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Alex Last

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Hayden Isbister

Hayden Isbister

Partner | Cayman Islands

Ian Montgomery

Ian Montgomery

Partner | BVI

John Rochester

John Rochester

Mourant LP Partner | Guernsey

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Paul Christopher

Partner | Hong Kong

The SPACs renaissance and the offshore advantage

[Dynamic date]

04 August 2021

In this Update, we consider the recent boom in special purpose acquisition companies, their characteristics, what makes them so attractive to investors (and founders) and the advantages of structuring them in the British Virgin Islands and the Cayman Islands.

The special purpose acquisition company (SPAC) can trace its roots back to the blank cheque companies of 18th century England. The principles remain the same but the model has evolved, and in times of uncertainty (and indeed, the global pandemic), the rebirth of the SPAC model and a surge in the wider alternative IPO space shows increasing investor appetite and confidence.

The SPAC as we know it today emerged in the early 2000s as a quick and cost effective private-equity style offering, to raise capital upfront and buy the operating business later, with the added benefit of capital market protection. At the time of writing, there are approximately 578 SPACs listed on the US markets alone, with around $134.4bn of capital raised, showing a clear and rapid investor confidence in the model.

What are SPACs?

A SPAC is a newly incorporated company (often forming part of a wider, offshore group structure) formed for the purpose of raising funds by way of listing on a public market, through an initial public offering (IPO). The aim is to raise capital which would then be used to acquire either investments or business assets (which could include merging with an existing business at a later date). The SPAC is a shell company and does not have any financial history, business operations or assets at the point of listing. The target business has typically not been identified and the investors are effectively betting on the management team.

A SPAC will have a designated, limited lifespan (typically, 12–36 months) to identify and acquire a target business and/or investments, before proceeding to 'de-SPAC', and during which time the investors' funds are held on trust. Should the SPAC's objectives not be achieved, the SPAC is usually dissolved and the funds returned to its shareholders. Typically where a target is identified, the shareholders can either agree to the deal, or vote against the deal and get a refund of their investment, or sell their shares and exercise the exit option.

Why are SPACs so attractive to investors?

SPACs are viewed as a much quicker and cheaper path to going public than the traditional IPO route. They raise capital upfront by way of IPO, and buy the operating business or investment later, based on confidence in the prospective management team to identify and close appropriate investment opportunities.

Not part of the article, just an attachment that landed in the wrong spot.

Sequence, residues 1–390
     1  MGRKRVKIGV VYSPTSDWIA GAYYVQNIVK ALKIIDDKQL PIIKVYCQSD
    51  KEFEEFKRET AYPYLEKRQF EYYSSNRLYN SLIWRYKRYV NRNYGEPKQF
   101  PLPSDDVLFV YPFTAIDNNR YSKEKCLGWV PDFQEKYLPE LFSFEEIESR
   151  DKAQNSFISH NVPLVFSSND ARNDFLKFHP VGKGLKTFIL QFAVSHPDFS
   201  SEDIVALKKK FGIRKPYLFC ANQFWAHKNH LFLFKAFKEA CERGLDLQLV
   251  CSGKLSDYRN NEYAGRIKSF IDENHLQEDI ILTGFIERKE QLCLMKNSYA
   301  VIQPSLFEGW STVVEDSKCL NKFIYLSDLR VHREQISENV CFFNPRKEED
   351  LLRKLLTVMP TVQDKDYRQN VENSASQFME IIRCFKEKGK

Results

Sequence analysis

The listing of a SPAC can proceed without the need for target due diligence and investors can take comfort in both the capital market protections and the (typically) very experienced (and sometimes high-profile, including celebrity) management teams, especially so with private-equity SPACs.

This means investors are betting on the ability of the SPAC's management team to quickly identify and close investment opportunities, within clear timescales, and then de-SPAC. In the meantime, investors have the benefit of capital market protections and the liquidity of being able to trade their shares in a SPAC publicly. In times of uncertainty, such as a global pandemic, this flexibility and potential for superior economics makes the SPAC model extremely attractive to both investors, and founders alike.

What are the advantages of offshore SPAC structures?

SPACs are increasingly becoming part of the offshore mainstream, and the British Virgin Islands (BVI) and Cayman Islands (Cayman) and are regarded as an increasingly popular SPAC jurisdictions for the US, with wide acceptance on the global exchanges, including the NYSE and NASDAQ.

They are mature offshore financial centres, which benefit from political stability and well-developed common law legal systems, with flexible company law legislation, light touch regulation and modest ongoing maintenance costs.

BVI and Cayman companies are also tax neutral, meaning there is no additional layer of taxes (i.e. no income tax, corporation tax or capital gains tax) at the 'local' level. BVI and Cayman companies also benefit from robust creditor protection and experienced offshore professionals, to act alongside onshore counterparts.

These factors make the BVI and Cayman particularly attractive in the alternative IPO space and especially so for SPACs.

Further information

For more information in relation to structuring SPACs in the BVI or Cayman, please speak to your usual Mourant contact. For further detail on BVI and Cayman companies, please refer to our client guides: BVI Companies: A guide and Cayman Islands exempted companies.

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